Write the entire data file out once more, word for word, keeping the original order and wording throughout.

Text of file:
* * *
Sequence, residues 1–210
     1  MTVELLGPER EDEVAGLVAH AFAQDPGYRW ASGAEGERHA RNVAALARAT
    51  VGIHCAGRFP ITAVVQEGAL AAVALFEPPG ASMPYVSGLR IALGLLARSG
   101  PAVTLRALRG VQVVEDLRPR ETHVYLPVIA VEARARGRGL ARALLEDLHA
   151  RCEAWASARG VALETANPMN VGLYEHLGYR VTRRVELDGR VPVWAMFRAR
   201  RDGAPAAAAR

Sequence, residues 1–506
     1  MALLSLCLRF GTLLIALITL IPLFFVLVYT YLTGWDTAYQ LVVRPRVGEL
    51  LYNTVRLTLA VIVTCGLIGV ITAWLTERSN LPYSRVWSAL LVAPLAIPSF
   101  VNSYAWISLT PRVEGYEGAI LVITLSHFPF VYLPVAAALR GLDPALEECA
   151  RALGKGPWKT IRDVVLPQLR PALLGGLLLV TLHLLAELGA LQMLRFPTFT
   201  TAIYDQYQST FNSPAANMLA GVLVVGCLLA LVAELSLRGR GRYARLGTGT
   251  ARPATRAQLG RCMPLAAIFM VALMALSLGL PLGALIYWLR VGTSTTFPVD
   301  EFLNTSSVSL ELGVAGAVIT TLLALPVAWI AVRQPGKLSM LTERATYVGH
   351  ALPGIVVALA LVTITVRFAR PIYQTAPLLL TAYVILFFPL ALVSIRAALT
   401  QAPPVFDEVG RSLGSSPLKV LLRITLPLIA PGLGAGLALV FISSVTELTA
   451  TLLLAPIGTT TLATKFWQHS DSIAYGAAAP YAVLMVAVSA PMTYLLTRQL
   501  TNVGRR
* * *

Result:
Sequence, residues 1–210
     1  MTVELLGPER EDEVAGLVAH AFAQDPGYRW ASGAEGERHA RNVAALARAT
    51  VGIHCAGRFP ITAVVQEGAL AAVALFEPPG ASMPYVSGLR IALGLLARSG
   101  PAVTLRALRG VQVVEDLRPR ETHVYLPVIA VEARARGRGL ARALLEDLHA
   151  RCEAWASARG VALETANPMN VGLYEHLGYR VTRRVELDGR VPVWAMFRAR
   201  RDGAPAAAAR

Sequence, residues 1–506
     1  MALLSLCLRF GTLLIALITL IPLFFVLVYT YLTGWDTAYQ LVVRPRVGEL
    51  LYNTVRLTLA VIVTCGLIGV ITAWLTERSN LPYSRVWSAL LVAPLAIPSF
   101  VNSYAWISLT PRVEGYEGAI LVITLSHFPF VYLPVAAALR GLDPALEECA
   151  RALGKGPWKT IRDVVLPQLR PALLGGLLLV TLHLLAELGA LQMLRFPTFT
   201  TAIYDQYQST FNSPAANMLA GVLVVGCLLA LVAELSLRGR GRYARLGTGT
   251  ARPATRAQLG RCMPLAAIFM VALMALSLGL PLGALIYWLR VGTSTTFPVD
   301  EFLNTSSVSL ELGVAGAVIT TLLALPVAWI AVRQPGKLSM LTERATYVGH
   351  ALPGIVVALA LVTITVRFAR PIYQTAPLLL TAYVILFFPL ALVSIRAALT
   401  QAPPVFDEVG RSLGSSPLKV LLRITLPLIA PGLGAGLALV FISSVTELTA
   451  TLLLAPIGTT TLATKFWQHS DSIAYGAAAP YAVLMVAVSA PMTYLLTRQL
   501  TNVGRR